His Turn on the Hot Seat

Congress to grill the AG pick

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Nominee Michael Mukasey accompanies President Bush to the Rose Garden.

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This much is certain: There will be no lack of questions. About the relationship between the Justice Department and the White House. About politics and prosecutions. About how best to protect the Justice Department from further scandals.

But for all the pushing and prodding expected during Michael Mukasey's confirmation hearing before the Senate Judiciary Committee this week, the former federal judge is likely to skate quickly to a full Senate vote on his nomination as attorney general.

Even if much of the questioning seems more scripted show than live drama, Mukasey's testimony should shed some light on how he views one of the central legal tensions roiling Washington: the balance between national security and civil liberties.

His answers will hardly be academic. The Justice Department is already pushing Congress to reauthorize the government's expanded wiretapping powers under the Foreign Intelligence Surveillance Act. And fresh questions about the department's terrorism practices have come up since the recent revelation of memos showing it allowed harsh interrogation practices of the sort that Congress had tried to ban.

Mukasey, a onetime federal prosecutor, is no stranger to this topic, and he approaches it with some well-defined, even controversial, opinions about how law enforcement should approach terrorism. As a judge, he often bowed to the government's desire for broad authority in national security cases, such as when he allowed the feds to hold numerous individuals as material witnesses after the attacks of Sept. 11, 2001.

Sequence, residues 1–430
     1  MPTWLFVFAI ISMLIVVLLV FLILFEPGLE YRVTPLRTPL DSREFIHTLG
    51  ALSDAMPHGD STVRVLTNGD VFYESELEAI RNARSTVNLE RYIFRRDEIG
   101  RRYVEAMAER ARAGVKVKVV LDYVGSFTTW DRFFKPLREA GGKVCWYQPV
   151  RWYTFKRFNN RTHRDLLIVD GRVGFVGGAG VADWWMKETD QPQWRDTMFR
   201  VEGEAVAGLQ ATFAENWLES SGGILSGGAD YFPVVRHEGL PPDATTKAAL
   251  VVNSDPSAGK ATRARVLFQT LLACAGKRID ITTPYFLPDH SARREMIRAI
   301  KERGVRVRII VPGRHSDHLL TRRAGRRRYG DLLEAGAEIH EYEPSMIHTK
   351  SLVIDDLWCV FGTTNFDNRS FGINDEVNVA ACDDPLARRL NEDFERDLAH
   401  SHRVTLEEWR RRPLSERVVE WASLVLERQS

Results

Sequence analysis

Aiding terrorists. Presiding over terrorism cases—from the conspiracy trial of Sheik Omar Abdel Rahman to the detention of would-be terrorist Jose Padilla as an enemy combatant—Mukasey has found the criminal justice system inadequate to protect national security. "Current institutions and statutes are not well suited to even the limited task of supplementing what became, after Sept. 11, 2001, principally a military effort to combat Islamic terrorism," he wrote in a recent Wall Street Journal op-ed.

Part of the problem, Mukasey said, is that constitutional protections for defendants have unwittingly aided terrorists. He noted that public testimony about a cellphone battery during the trial of Ramzi Yousef, the architect of the 1993 World Trade Center bombing, tipped off terrorists that the U.S. was listening. The terrorists soon changed their communication, severing the government's link to that intelligence.

Such concerns have prompted Mukasey to support a special national security court, a proposal that has riled civil libertarians. But the question remains as to how easily Mukasey as attorney general could translate his opinions into policy.